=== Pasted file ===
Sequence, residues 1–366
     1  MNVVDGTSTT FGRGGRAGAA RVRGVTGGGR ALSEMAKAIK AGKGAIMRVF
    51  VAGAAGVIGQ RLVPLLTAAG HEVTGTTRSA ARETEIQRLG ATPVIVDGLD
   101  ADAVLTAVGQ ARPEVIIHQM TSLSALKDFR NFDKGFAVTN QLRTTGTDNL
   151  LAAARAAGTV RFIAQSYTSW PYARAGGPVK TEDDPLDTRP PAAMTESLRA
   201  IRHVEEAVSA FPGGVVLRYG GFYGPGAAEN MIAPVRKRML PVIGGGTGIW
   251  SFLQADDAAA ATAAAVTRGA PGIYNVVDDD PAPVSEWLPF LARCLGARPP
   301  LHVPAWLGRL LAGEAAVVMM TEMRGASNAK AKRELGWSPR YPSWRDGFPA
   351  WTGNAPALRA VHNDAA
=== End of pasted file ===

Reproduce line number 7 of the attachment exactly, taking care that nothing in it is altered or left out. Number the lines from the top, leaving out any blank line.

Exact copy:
   251  SFLQADDAAA ATAAAVTRGA PGIYNVVDDD PAPVSEWLPF LARCLGARPP